In this artist’s mind, philanthropy invoked the image of children running through a field of flowers on a sunny day, perhaps chasing after butterflies. The image was a work of Ryan Miller’s imagination, and as oil pastel was laid to matboard, the evolution of the idea and all it encompassed became a matter of fate.
As with metamorphosis, Miller let his idea transform naturally until it reached its final state – a small girl in a field of flowers, butterflies flying over and around her. One has landed on her hand as she looks on.
“Maybe the viewer will see it’s kind of the everyday cycle of life – it’s coming, swooping down on her, and touching her and it’s moving onto the great beyond and onto a future state,” Miller said.
In the process of creating the piece, particularly the rainbow of colors present in the butterflies, Miller drew inspiration from the array of cancer awareness ribbons. The young girl dons lavender clothing, the color associated with awareness of all cancers.
When the piece was complete, the greater challenge loomed – giving name to a creation whose meaning Miller was yet uncertain of. Recalling the phenomenon known as the “butterfly effect,” in which small changes in initial conditions lead to drastic changes in the result, Miller happily made the connection between the cause-effect relationship for both philanthropy and this publication’s key focus: cancer.
“Perhaps the little girl is a growing philanthropist, a caregiver. Her small chances taken and choices made now, as in the butterflies floating around her, determine the larger results later on,” Miller said. “It alludes to the arbitrary nature of the butterfly effect and asks ‘what if? why not?’ I had faith in the feeling to slightly change the composition early on. This certainly had some significance, adding up to something different than what I could have imagined had I not decided to make the change.”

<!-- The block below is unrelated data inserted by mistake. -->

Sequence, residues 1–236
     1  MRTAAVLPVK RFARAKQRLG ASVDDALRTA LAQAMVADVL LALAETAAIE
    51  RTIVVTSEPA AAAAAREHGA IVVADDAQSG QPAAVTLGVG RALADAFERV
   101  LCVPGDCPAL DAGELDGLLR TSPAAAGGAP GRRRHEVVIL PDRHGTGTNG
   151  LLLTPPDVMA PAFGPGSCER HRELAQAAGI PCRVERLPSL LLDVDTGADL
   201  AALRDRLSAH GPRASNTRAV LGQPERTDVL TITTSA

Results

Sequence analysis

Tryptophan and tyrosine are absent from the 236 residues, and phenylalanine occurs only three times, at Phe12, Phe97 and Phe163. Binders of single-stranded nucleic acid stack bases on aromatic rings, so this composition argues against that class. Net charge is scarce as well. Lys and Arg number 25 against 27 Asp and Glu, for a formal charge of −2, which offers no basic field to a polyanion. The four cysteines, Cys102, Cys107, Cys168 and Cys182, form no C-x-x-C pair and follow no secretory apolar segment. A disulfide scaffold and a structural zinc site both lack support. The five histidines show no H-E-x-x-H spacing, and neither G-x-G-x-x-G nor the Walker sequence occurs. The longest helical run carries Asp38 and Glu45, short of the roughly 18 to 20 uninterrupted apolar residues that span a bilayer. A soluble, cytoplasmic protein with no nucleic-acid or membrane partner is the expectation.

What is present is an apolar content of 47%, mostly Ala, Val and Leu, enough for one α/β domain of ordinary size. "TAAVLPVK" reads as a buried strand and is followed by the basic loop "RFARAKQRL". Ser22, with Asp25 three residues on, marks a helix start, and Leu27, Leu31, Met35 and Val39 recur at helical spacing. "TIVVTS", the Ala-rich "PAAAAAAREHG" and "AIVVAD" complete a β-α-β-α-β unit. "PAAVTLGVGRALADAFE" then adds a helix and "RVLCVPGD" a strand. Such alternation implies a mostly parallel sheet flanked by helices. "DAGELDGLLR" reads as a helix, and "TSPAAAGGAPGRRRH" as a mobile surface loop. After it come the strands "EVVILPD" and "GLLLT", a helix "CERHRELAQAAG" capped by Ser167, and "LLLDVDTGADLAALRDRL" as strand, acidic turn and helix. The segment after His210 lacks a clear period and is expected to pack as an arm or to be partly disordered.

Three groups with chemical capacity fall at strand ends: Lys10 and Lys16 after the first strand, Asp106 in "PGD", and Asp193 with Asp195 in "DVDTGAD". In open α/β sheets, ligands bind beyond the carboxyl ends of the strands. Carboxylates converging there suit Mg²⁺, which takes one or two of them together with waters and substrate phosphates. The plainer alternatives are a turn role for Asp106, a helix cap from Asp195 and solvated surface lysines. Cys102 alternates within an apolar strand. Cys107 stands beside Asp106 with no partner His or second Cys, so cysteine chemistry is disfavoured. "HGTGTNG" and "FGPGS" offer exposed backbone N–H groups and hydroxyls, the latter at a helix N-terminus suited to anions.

The end result is a piece Miller is proud of, not only because of the experience it has provided but because of the deeply personal nature of what the artwork stands for. In the past two years, Miller has witnessed firsthand the effects of cancer on both of his parents and experienced the fortune of their survival.
“I’ve come to realize it’s very personal and something I’ll always remember when I see the cover,” Miller said. “I’m happy and honored to do it. It’s the least I can do and I hope it goes a long way. Almost as fateful as remembering the butterfly effect, my mom had given me a framed text that reads, ‘Enjoy the little things in life, for someday you will realize they were the big things.’”
The oil pastel “Butterfly Effect” (30” x 14” framed to 36” x 20”) will be on display during the summer of 2015 and will be auctioned to raise funds for the local charity of the winning bidder’s choice. The minimum bid is $2,000. Please contact the Door County Living office at (920) 839-2121 for current viewing information.
More of Miller’s work can be seen at rymill.me.